September 2018
Volume 18, Issue 10
Open Access
Vision Sciences Society Annual Meeting Abstract  |   September 2018
Maturation of visuomotor coordination and motion-defined form perception in typically-developing children
Author Affiliations
  • Deborah Giaschi
    Ophthalmology & Visual Sciences, University of British Columbia
  • Kimberly Meier
    Psychology, University of British Columbia
  • Violet Chu
    Ophthalmology & Visual Sciences, University of British Columbia
  • Pamela Bryden
    Kinesiology and Physical Education, Wilfrid Laurier University
  • Ewa Niechwiej-Szwedo
    Kinesiology, University of Waterloo
Journal of Vision September 2018, Vol.18, 779. doi:10.1167/18.10.779
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      Deborah Giaschi, Kimberly Meier, Violet Chu, Pamela Bryden, Ewa Niechwiej-Szwedo; Maturation of visuomotor coordination and motion-defined form perception in typically-developing children. Journal of Vision 2018;18(10):779. doi: 10.1167/18.10.779.

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      © ARVO (1962-2015); The Authors (2016-present)

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Abstract

Introduction. Deficits in motion perception in developmental disorders are commonly attributed to vulnerability in the dorsal visual stream. This attribution is supported by associations between global motion perception and visuomotor skills in preschool children, both typically-developing and those at risk for abnormal neurodevelopment. Our study compared the typical maturation of hand-eye coordination and motion-defined form discrimination, an aspect of motion perception that is deficient in developmental disorders but that has been linked to both ventral and dorsal streams, in a large group of school-aged children. Methods. We assessed 204 children, age 4 to 16 years, in a public science museum setting. Binocular motion coherence thresholds for discriminating the orientation of computer-generated motion-defined rectangles (vertical or horizontal) were measured with a 2-alternative forced-choice staircase procedure. Hand-eye coordination was measured with a pen and paper circle-marking task; the number of circles accurately marked in 20s was determined. Results. Performance on both tasks was similar to that observed in controlled laboratory settings. Motion-defined form perception improved from 4 to 11 years of age, and performance on the circle-marking task improved until 12 years of age. Although motion coherence thresholds were significantly correlated with the number of circles marked, further analyses revealed that this relationship was driven by improvement in performance with age. Conclusion. We did not find an association between the maturation of motion-defined form perception and a measure of fine hand-eye coordination in typically-developing children. These aspects of vision were chosen because they are known to mature relatively late in development, and to be disrupted by conditions such as amblyopia that interfere with binocular vision. We are currently assessing additional measures of visuomotor performance.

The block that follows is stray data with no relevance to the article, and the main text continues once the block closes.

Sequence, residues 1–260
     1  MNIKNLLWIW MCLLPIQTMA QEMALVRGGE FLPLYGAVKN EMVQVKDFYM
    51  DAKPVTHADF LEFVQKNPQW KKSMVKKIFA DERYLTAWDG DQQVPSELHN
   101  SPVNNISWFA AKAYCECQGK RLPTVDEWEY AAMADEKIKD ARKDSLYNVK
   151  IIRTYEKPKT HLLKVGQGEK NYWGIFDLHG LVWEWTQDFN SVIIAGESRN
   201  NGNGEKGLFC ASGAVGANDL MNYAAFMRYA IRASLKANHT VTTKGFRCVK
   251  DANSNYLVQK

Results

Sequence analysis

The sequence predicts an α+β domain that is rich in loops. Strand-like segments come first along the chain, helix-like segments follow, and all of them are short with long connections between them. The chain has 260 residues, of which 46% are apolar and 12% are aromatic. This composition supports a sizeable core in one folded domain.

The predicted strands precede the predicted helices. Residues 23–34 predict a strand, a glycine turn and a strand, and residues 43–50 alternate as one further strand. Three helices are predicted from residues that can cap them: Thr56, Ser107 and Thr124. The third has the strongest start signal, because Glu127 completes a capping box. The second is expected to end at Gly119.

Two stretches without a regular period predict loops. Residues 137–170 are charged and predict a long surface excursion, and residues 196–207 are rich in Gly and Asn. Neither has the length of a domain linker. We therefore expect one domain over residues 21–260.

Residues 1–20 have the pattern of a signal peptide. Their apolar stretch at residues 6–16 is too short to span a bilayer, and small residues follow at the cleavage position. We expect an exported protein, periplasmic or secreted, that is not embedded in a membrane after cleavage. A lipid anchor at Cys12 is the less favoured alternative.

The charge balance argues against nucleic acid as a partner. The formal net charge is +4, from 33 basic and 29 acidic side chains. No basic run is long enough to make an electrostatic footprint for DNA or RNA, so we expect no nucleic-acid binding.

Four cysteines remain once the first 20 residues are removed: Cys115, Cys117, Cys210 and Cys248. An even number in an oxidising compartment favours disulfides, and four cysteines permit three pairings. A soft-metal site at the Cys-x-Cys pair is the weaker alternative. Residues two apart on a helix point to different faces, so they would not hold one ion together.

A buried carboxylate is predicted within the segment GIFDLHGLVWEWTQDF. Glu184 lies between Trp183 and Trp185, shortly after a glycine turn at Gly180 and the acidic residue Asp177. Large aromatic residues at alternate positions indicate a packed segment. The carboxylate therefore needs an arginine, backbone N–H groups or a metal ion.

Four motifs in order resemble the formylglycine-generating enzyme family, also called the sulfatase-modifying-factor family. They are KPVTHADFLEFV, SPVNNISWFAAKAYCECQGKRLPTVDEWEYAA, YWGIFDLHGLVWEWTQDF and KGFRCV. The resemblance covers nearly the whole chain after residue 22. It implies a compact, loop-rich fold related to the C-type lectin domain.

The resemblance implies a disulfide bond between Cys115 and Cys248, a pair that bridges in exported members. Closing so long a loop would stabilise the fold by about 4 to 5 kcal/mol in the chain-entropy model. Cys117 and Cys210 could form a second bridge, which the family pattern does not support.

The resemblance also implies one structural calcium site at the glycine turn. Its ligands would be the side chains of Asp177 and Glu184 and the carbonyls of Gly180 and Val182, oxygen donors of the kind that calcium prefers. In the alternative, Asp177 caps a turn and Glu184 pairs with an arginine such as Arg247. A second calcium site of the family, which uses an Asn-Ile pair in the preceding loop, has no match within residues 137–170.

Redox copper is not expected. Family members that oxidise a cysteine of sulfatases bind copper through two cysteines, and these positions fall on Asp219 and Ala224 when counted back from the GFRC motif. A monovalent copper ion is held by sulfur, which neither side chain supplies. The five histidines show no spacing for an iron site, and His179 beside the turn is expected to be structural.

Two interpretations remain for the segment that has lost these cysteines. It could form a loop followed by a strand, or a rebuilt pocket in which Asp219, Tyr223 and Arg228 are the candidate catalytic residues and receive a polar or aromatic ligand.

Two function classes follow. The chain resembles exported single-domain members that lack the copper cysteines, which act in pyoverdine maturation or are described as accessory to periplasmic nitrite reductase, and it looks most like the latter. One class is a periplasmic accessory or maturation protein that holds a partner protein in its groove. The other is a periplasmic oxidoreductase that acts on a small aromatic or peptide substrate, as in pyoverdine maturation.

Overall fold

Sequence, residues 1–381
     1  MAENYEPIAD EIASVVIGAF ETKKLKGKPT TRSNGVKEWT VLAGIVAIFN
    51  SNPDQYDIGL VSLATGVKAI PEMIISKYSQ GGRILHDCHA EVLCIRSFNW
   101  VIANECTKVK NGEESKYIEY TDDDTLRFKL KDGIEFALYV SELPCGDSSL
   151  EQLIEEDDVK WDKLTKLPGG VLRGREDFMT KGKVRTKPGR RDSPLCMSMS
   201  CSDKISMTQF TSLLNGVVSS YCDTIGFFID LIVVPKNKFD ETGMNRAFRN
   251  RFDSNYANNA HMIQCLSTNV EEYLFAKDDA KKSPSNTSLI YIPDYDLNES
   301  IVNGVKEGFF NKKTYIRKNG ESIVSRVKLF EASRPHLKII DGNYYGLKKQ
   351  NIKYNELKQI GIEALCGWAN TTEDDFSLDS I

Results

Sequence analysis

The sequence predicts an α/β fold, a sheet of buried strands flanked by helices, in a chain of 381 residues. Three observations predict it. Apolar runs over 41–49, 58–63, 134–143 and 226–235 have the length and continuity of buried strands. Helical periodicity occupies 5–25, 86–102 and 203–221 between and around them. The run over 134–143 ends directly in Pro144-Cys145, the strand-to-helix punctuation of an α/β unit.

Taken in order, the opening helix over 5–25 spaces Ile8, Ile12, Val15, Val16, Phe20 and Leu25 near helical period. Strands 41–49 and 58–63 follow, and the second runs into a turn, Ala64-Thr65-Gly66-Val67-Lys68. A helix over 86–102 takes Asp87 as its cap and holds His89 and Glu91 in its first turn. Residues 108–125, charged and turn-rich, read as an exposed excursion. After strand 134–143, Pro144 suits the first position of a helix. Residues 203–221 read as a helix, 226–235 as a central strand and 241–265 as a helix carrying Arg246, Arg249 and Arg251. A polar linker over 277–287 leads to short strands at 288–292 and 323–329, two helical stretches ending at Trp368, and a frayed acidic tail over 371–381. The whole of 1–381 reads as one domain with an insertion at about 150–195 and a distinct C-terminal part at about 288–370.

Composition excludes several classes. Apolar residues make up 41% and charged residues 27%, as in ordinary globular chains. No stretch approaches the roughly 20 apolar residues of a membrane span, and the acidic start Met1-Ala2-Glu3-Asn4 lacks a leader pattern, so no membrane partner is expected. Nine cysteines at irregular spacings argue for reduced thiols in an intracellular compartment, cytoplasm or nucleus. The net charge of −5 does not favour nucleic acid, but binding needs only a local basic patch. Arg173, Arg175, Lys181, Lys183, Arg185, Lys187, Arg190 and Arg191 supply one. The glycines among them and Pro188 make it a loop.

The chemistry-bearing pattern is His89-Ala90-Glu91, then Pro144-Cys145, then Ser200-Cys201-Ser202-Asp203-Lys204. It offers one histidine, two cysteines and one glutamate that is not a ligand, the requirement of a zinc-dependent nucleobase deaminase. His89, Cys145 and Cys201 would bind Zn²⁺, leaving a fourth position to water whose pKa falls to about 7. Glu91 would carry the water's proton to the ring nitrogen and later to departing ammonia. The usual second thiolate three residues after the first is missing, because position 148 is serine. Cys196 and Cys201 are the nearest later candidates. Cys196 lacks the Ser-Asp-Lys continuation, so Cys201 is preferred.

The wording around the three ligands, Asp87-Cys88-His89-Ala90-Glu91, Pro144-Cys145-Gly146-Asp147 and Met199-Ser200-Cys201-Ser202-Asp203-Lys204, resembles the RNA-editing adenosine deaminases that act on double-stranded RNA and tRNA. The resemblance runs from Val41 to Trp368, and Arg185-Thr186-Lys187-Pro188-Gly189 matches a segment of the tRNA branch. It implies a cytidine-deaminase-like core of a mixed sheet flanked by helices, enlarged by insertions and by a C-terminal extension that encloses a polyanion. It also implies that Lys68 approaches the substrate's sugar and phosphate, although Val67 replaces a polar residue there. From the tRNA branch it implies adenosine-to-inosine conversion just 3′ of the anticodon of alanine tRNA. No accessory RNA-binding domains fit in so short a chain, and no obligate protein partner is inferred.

Meeting abstract presented at VSS 2018

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